The Governor of California
President pro Tempore of the Senate
Speaker of the Assembly
Sacramento, California 95814
Dear Governor and Legislative Leaders:
This letter report presents a summary of the results of the California State Auditor’s (State Auditor) assessments of the reliability of data in a wide variety of the State’s information technology systems used by the State Auditor for the purposes of its audits. Since October 2008, we have issued biennial reports that address the reliability of the data from the State’s systems we tested as part of audits issued during calendar years 2006 through 2013. The reliability of the data from the State’s systems tested during audits that were issued in 2014 and 2015 is the subject of this report. This report also summarizes the results of our high risk audit concerning weaknesses in the controls over the State’s information systems.
Definitions Used in
Data Reliability Assessments
Sufficiently Reliable Data—Based on audit work, an auditor can conclude that the likelihood of significant errors or incompleteness is minimal and that using the data would not lead to an incorrect or unintentional message given the research question and intended use of the data.
Not Sufficiently Reliable Data—Based on audit work, an auditor can conclude that results indicate significant errors or incompleteness in some or all the key data elements, and that using the data could lead to an incorrect or unintentional message, given the research question and the intended use of the data.
Data of Undetermined Reliability—Based on audit work, an auditor can conclude that use of the data may or may not lead to an incorrect or unintentional message, given the research question and intended use of the data.
Source: U.S. Government Accountability Office.
The U.S. Government Accountability Office (GAO), whose standards we are statutorily required to follow, requires us to assess and report on the reliability of computer-processed information that we use to support our audit findings, conclusions, and recommendations. Data reliability refers to the accuracy and completeness of the data, given our intended purposes for the data’s use. The GAO defines the three possible assessments we can make—sufficiently reliable data, not sufficiently reliable data, and data of undetermined reliability (see the text box for definitions). In assessing data reliability, we take several factors into consideration, including the degree of risk involved in the use of the data and the strength of corroborating evidence. A single system may have different assessments, for example, because data that we use for one audit purpose is accurate and complete, whereas data from the same system needed for a separate purpose are not. The State uses these data in many ways, which include reporting on its programs, processing payroll and personnel transactions, and managing the State’s finances. Although we disclosed these data reliability assessments and any data limitations we identified in the audit reports that we issued during 2014 and 2015, this report is intended to call attention both to areas of concern, where important data are not always reliable, and to instances in which information has been reliable. Further, this report highlights our finding that many state entities have weaknesses in their controls over information security. These weaknesses leave some of the State’s sensitive data vulnerable to unauthorized use, disclosure, or disruption.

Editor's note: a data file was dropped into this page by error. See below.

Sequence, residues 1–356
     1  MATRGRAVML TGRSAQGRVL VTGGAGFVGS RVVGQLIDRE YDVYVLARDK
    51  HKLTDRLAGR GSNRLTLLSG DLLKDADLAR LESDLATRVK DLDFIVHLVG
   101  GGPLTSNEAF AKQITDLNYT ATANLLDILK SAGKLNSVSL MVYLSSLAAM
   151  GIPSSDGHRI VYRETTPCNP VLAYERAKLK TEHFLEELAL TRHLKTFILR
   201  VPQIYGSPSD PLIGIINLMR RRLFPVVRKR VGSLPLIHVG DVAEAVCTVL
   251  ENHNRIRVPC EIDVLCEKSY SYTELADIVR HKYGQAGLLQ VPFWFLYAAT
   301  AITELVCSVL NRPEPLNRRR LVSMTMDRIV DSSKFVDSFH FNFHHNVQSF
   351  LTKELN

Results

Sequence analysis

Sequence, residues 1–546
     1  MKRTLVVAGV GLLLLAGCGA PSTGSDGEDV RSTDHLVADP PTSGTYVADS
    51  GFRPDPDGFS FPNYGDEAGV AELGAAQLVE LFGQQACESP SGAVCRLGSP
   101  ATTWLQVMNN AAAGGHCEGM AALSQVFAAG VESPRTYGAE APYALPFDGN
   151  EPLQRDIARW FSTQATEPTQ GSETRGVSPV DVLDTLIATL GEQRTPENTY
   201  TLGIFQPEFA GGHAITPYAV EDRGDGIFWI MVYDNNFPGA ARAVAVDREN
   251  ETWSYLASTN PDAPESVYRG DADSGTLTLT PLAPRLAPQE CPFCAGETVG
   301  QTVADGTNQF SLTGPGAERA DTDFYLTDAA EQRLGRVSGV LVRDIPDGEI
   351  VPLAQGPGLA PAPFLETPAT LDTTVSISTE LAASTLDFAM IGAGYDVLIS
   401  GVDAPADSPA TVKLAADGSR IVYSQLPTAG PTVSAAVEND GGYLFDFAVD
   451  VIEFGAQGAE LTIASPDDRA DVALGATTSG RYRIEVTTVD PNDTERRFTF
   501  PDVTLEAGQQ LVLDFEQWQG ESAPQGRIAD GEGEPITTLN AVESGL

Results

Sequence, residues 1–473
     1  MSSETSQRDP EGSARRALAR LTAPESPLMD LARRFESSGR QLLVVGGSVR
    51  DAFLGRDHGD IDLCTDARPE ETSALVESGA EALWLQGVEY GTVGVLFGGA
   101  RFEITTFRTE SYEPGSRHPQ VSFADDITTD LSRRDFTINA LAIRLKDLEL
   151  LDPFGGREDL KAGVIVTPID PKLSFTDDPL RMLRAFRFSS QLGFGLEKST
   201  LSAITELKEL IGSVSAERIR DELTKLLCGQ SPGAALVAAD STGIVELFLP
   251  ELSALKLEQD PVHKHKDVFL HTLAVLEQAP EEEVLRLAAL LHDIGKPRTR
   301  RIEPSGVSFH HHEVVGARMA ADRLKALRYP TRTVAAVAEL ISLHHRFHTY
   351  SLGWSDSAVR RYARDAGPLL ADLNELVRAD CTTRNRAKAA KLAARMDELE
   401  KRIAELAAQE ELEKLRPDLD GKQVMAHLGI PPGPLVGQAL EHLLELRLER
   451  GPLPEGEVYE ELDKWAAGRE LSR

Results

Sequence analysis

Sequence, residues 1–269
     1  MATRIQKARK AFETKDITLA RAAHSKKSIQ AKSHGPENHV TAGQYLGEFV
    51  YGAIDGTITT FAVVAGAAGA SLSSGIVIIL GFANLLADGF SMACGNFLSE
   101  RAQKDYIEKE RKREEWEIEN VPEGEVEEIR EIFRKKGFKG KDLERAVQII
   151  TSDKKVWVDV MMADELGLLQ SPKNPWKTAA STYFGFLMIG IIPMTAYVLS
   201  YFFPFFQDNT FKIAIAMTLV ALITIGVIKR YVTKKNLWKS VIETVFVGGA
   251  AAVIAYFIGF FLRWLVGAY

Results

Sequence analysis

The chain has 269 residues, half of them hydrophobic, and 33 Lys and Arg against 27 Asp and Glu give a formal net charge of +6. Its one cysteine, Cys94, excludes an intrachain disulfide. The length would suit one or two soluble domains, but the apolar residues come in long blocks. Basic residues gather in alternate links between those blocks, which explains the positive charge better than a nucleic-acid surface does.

Many Systems Had Reliable Data for the Purposes of the Audits
In performing 78 data reliability assessments for state systems, we determined that the data were sufficiently reliable in 13 assessments. Therefore, for these assessments, we were able to use the data to support our audit findings, conclusions, and recommendations and to quote the data in our audit reports without qualifications about the accuracy or completeness of the information. For example, we found no issue in the Bureau for Private Postsecondary Education’s data as maintained in the Department of Finance’s California State Accounting and Reporting System and used it to determine the beginning balance, ending balance, and total revenues and expenditures for the Student Tuition Recovery Fund for fiscal years 2008–09 through 2012–13. In addition, we found no issue in the Department of Housing and Community Development’s Cumulative Propositions 46 and 1C Bond Awards and used this data to identify the total number and amount of awards by program as of December 31, 2013. Also, we determined that the State Bar of California’s Discipline Case Tracking system was sufficiently reliable to calculate the number of complaints open and closed in the intake unit, determine the average case processing time, and total the caseload and the number of cases backlogged from 2009 to 2014. Finally, we found the State Controller’s Office (State Controller) Budgetary/Legal Basis System sufficiently reliable to determine the California Department of Resources Recycling and Recovery’s beverage program’s revenues, expenditures, and fund balances for fiscal years 2010–11 through 2013–14.